By the way, I recommend reading the IIA Practice Guide on Independence and Objectivity. It recognizes even a repeat audit (examples 3 and 4 above) as threats to objectivity.

Do you agree that it is better to use judgment and assess whether you can be objective, than to use a rule of "you can't audit your own work"?


Posted on Dec 28, 2011 by Norman Marks

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  1.  Norman-

    I concur!! It is all about exercising sound judgment in the approach used. It is my believe that as much as possible, management should leverage IA's vast operational, financial and technology risk knowledge and expertise. 

  1. I fully agree that as long as internal audit remains in a guiding "consultant" role, and the final decision and responsibility on what gets implemented remain with management, I can not see why we would not be allowed back at a later stage to assess the adequacy of the controls, policies or procedures implemented.
  1. Great job applying some common sense to the IIA standards.  I feel our profession at times take too literal a view of what Internal Audit can and cannot do, to the detriment of providing value to the organization.

  1. Norman:

    Once again, you have asked a great question of substance. This issue deserves serious consideration as an internal auditor’s independence and objectivity can be easily compromised (either in fact or in appearance) in any of the scenarios you describe. 
    As a practical matter, every internal auditor needs to continually assess themselves in this regard. If an audit finding caused the termination of an employee in the prior year, and the same auditor is back to re-audit that same issue, is the auditor completely independent and objective? What if the employee assigned to remediate the audit issue is a close friend of the auditor? 
    My feeling is that, as human beings, internal auditors are constantly challenged with meeting the independence and objectivity standards. I recommend that, when in doubt, Chief Auditors develop a network of serious audit professionals and consult their peers when confronted with these issues. As in any such matter, document the results and the factors that led to your decision. In your 2nd example on the IT issue, you would want to document WHY you think that using the same auditor who consulted on the IT project to later audit it is the correct approach. Have you position reviewed by respected industry peers and document their agreement with your position.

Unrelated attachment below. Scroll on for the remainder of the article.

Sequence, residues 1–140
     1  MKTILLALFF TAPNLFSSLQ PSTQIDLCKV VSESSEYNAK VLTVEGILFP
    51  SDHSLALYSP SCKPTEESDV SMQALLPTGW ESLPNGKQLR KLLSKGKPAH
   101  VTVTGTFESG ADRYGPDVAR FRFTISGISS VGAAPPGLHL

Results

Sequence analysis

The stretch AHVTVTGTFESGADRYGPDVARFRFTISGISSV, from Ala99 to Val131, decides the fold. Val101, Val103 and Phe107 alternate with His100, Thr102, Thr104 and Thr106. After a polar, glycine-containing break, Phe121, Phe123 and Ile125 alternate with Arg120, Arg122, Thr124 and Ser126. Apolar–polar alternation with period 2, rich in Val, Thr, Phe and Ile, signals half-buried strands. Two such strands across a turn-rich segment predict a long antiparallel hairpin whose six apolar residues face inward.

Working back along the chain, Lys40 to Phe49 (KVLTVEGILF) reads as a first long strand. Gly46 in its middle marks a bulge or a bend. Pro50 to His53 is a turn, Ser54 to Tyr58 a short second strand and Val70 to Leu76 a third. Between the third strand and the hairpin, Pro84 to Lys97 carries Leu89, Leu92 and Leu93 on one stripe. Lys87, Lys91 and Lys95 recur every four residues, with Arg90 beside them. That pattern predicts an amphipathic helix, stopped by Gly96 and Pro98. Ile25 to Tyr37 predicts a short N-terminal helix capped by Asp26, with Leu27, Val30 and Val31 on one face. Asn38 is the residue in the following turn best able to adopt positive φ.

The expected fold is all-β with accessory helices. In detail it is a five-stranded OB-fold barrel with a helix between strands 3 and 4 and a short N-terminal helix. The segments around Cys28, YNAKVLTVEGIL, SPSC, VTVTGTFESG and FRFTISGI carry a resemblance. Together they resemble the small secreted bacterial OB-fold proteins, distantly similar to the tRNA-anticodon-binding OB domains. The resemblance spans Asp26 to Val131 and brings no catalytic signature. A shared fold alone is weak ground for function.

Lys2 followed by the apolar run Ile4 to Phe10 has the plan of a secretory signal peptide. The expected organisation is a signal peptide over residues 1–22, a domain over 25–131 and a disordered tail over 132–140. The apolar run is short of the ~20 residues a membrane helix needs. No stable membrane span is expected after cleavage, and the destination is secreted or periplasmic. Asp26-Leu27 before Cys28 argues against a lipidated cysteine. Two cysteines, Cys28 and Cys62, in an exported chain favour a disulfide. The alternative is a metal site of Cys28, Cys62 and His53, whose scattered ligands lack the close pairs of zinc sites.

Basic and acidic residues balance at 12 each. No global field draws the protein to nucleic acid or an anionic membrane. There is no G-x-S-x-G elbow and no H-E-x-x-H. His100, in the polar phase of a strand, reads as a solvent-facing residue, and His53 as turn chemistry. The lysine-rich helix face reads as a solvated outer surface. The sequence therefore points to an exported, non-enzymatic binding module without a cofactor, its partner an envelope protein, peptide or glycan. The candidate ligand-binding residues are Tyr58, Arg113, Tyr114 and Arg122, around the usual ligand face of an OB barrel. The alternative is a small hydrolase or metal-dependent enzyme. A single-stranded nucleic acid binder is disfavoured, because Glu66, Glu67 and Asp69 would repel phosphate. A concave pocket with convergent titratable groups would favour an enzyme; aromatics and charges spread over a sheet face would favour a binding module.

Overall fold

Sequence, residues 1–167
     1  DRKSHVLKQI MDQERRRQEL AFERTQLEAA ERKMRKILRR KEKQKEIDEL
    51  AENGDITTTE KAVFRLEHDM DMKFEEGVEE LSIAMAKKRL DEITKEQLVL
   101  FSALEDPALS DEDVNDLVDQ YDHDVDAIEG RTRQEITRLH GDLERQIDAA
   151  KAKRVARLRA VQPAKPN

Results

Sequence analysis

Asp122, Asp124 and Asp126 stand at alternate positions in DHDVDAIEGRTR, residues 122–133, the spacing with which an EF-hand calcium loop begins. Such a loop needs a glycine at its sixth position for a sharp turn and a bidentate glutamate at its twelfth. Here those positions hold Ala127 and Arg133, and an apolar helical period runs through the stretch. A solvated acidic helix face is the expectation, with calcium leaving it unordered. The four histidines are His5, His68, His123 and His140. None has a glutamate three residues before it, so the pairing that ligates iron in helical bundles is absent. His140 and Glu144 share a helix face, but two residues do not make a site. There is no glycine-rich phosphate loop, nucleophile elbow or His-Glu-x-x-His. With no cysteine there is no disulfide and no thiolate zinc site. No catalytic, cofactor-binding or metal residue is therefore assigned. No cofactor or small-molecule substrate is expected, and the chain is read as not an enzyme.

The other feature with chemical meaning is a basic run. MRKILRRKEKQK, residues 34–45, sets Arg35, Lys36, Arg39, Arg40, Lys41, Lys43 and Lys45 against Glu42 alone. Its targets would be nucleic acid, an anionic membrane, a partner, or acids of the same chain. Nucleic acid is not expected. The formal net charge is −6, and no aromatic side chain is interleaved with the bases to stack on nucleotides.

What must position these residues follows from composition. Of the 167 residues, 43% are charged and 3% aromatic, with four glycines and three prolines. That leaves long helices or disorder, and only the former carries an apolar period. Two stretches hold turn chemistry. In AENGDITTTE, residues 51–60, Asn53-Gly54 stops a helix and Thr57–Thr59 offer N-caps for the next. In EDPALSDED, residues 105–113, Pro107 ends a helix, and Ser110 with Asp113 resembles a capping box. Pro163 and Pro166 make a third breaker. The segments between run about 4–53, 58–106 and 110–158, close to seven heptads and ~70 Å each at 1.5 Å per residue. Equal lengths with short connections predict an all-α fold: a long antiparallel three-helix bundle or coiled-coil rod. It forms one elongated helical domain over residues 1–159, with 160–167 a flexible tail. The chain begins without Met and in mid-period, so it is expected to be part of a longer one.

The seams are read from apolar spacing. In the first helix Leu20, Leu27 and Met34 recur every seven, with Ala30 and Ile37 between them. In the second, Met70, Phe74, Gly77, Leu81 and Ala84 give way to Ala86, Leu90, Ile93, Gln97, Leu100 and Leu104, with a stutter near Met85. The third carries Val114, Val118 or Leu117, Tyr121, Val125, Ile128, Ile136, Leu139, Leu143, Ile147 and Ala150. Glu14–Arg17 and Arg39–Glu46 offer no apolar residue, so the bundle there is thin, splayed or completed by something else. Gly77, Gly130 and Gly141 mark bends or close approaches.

Taking these extra steps is, in my opinion, critical in order for auditors to assure themselves that they have taken all the necessary precautions and upheld the professional standards.
    Great conversation! Best wishes for a Happy New Year!
  1.  Norman, I fully agree with the principle and exmaples from your article.  With a small IA dept, we have situations such as this, and others.  The key to me is to disclose the involvement of IA to the users of our work, so that they are aware of the potential objectivity/independence issue.

    Happy Holidays!

  1. well this is really damn true and owesom sharing of knowledge.



    muhamad aimen

    internal auditor,

    mahmood group of industries

  1. Norman, Is it alright for Internal Audit to be involved in awareness of Fraud policies approved by management? What does the Standards guide us on this?
  1. Nkamula, thank you for the question. I would look to the role of the internal audit function related to fraud as expressed in its charter. Some organizations have a greater role than others.

    Having said that, I believe it is management's responsibility to develop, communicate, and train employees on all corporate policies, including any directly related to fraud. Internal audit is an expert in this area and should provide, IMHO, consulting service support - advising on content, etc.

  1. Good articl Norman, and very valid points.

    My question here is that if the IA is being asked to  review a draft policy and to initial it after review for go ahead, would this affect the objective and independant role of an IA? Is it a good practice to add a line in the policy to clarify what was the role of IA in drafting that policy, as a limitation or restriction?

  1.  Asham, if IA is being asked to review a draft I am going to assume they didn't prepare the draft. I would not initial it, but provide my comments in a memo, which explains the purpose and scope of my review.